Adventures in Personal Training

I recently joined a new gym, and in joining, signed up for personal training sessions. I’ve had four so far, and mostly, I’m amazed at the variety of fist bumps that greet me.

There are horizontal bumps and vertical bumps and hand slaps, hand shakes, hand slaps that turn into hand shakes, and in one instance, a very sad, solitary exploding fist bump. After the first seven today, I lost track of the grand total. But of the dozen or so that connected, I’d say only a fourth of mine weren’t embarrassing.

Also embarrassing is the same problem that plagues me with everyone I pay to make me look better, like barbers and dentists: How much do they expect me to talk? I thought it would be easier with a personal trainer, what with being sweaty and panting the whole time, but it is not. So much conversation! Made even more difficult by the fact that he is a very sweet Greek boxer who doesn’t have much in the way of overlap in terms of our conversational Venn diagram.

There’s also me. I’ve never had an easy rapport with men; on my way out, I saw two guys talking on their way to the showers, and I was a little envious of that easy masculinity. When I picture gym classes from my childhood, I see me sitting on the bleachers above a bunch of sweaty straight boys talking about sports, while I wear a matching knit scarf and hat, horn rimmed glasses, and am reading a dogeared paperback Of Human Bondage. I also have a tendency to dress for the gym in a manner that may best be described by “Charles Nelson Reilly castoffs.”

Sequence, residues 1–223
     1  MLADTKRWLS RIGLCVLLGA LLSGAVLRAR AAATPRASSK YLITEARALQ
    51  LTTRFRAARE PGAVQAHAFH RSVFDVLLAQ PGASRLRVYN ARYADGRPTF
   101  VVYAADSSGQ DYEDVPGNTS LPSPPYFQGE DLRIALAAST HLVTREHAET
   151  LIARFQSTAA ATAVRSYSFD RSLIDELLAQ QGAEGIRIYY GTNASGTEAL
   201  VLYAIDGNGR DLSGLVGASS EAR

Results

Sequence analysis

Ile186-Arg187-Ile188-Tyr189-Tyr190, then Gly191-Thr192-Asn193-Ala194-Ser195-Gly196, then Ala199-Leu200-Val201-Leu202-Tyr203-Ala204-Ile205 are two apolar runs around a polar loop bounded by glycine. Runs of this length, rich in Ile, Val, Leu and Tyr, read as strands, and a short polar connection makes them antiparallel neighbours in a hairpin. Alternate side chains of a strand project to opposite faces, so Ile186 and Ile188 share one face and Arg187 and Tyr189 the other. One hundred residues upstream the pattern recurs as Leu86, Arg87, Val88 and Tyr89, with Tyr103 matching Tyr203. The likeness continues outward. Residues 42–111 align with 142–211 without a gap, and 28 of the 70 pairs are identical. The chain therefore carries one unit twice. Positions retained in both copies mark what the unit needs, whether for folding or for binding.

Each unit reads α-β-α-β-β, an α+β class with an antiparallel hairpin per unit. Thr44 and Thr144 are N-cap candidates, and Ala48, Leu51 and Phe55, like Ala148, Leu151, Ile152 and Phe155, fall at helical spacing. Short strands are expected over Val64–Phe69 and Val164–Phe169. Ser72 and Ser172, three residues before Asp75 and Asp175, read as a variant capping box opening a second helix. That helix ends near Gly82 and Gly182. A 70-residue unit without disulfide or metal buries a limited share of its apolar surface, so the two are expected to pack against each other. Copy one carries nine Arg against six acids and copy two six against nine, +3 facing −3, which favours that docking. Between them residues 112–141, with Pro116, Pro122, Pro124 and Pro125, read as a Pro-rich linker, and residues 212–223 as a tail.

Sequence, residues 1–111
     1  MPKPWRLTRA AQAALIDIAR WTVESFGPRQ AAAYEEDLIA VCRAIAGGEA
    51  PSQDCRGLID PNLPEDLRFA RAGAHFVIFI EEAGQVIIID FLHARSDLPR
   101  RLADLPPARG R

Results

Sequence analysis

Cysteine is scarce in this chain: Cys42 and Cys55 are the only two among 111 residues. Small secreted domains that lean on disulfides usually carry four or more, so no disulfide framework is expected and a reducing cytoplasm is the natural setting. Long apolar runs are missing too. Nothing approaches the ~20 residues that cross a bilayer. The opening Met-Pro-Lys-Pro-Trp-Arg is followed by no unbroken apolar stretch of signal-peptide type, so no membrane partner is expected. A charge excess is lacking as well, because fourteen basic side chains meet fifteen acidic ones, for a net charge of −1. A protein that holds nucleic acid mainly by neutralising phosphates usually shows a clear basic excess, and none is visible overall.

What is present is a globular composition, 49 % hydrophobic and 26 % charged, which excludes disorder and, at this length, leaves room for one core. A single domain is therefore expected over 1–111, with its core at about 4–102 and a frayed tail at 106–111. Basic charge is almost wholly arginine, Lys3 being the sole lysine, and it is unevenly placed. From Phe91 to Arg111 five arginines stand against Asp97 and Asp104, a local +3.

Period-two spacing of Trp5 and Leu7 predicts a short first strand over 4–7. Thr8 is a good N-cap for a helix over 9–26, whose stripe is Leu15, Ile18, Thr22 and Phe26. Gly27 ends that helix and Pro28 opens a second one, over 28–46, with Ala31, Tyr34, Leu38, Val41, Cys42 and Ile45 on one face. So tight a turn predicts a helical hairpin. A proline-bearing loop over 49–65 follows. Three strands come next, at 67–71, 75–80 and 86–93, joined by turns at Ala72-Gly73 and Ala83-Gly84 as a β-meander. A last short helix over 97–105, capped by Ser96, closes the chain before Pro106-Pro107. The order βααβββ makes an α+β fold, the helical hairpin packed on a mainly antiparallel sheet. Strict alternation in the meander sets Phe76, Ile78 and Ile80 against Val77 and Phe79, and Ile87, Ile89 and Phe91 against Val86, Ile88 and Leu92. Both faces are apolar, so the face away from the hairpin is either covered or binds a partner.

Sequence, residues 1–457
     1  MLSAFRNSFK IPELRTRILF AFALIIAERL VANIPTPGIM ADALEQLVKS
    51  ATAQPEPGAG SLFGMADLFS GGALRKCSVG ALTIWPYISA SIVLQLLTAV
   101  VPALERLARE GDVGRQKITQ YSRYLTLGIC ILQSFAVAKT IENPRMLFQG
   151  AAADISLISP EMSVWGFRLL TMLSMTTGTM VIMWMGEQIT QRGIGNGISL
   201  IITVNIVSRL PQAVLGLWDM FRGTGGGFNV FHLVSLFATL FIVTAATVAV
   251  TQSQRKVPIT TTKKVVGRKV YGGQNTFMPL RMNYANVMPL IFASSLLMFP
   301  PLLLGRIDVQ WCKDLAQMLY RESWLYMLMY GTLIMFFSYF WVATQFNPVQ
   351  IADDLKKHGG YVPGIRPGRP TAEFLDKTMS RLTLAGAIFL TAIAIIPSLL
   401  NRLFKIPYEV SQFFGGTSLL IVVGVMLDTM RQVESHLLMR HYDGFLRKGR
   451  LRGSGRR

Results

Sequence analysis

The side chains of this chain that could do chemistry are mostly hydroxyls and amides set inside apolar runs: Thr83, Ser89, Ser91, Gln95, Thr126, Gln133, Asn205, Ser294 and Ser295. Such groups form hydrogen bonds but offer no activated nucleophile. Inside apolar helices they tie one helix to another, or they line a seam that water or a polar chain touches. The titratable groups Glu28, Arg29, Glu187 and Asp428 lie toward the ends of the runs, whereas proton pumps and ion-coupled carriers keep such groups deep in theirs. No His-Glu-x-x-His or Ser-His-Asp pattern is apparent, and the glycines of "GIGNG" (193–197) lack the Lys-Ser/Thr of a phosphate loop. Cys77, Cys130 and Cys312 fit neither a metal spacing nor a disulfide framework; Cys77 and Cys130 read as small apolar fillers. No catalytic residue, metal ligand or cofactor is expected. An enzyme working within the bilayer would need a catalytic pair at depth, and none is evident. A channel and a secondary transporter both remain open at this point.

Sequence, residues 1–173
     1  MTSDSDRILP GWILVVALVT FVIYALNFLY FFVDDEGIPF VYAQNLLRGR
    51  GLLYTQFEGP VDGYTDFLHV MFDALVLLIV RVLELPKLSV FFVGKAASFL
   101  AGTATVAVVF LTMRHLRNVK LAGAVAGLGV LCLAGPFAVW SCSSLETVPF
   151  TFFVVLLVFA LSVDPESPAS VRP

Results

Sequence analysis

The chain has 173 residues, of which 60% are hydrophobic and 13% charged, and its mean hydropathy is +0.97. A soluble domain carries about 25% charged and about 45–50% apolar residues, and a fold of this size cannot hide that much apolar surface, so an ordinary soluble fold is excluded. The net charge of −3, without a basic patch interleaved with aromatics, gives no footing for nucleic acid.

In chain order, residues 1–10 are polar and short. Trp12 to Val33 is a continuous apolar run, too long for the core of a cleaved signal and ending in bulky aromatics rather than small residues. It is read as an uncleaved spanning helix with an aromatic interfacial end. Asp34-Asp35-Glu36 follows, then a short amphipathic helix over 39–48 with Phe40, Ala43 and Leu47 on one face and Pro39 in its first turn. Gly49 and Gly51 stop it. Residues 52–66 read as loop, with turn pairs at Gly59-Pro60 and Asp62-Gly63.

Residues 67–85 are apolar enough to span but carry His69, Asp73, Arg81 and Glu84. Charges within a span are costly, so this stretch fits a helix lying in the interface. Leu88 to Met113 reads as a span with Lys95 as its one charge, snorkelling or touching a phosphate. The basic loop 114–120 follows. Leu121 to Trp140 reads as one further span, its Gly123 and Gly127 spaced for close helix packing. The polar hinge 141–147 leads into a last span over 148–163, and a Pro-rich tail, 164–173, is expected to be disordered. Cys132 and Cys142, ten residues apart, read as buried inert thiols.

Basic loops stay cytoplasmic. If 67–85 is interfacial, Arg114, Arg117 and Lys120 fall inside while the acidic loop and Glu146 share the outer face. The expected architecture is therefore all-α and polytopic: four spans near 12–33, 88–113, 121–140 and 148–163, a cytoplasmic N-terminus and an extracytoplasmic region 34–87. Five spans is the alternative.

And much like at the dentist’s office, I have to put my vanity in check while discussing our goals. My first instinct is to shut down while the man I’m paying is telling me all the ways we need to improve my appearance, but I fight it. Mostly by muttering, “Oh god, oh god, oh god” under my breath while he removes weight after weight after weight from the dumbbell as other men hoist my body weight over their heads, but I deal.

Hell, I even dealt with the Incident from my second day, when my trainer clambered onto a machine that simulates rowing and told me to put my hand on his back between his shoulder blades. Unable to understand through his accent, I asked him to repeat himself. He did, this time extending his arm as if he were singing “Stop in the Name of Love.” Shrugging, I sidled up behind him, extended my hand over his shoulder, and began to put my head—that’s what I thought he said, okay?—between his shoulder blades before he stopped me. If I can recover from that, I can handle almost any humiliation.

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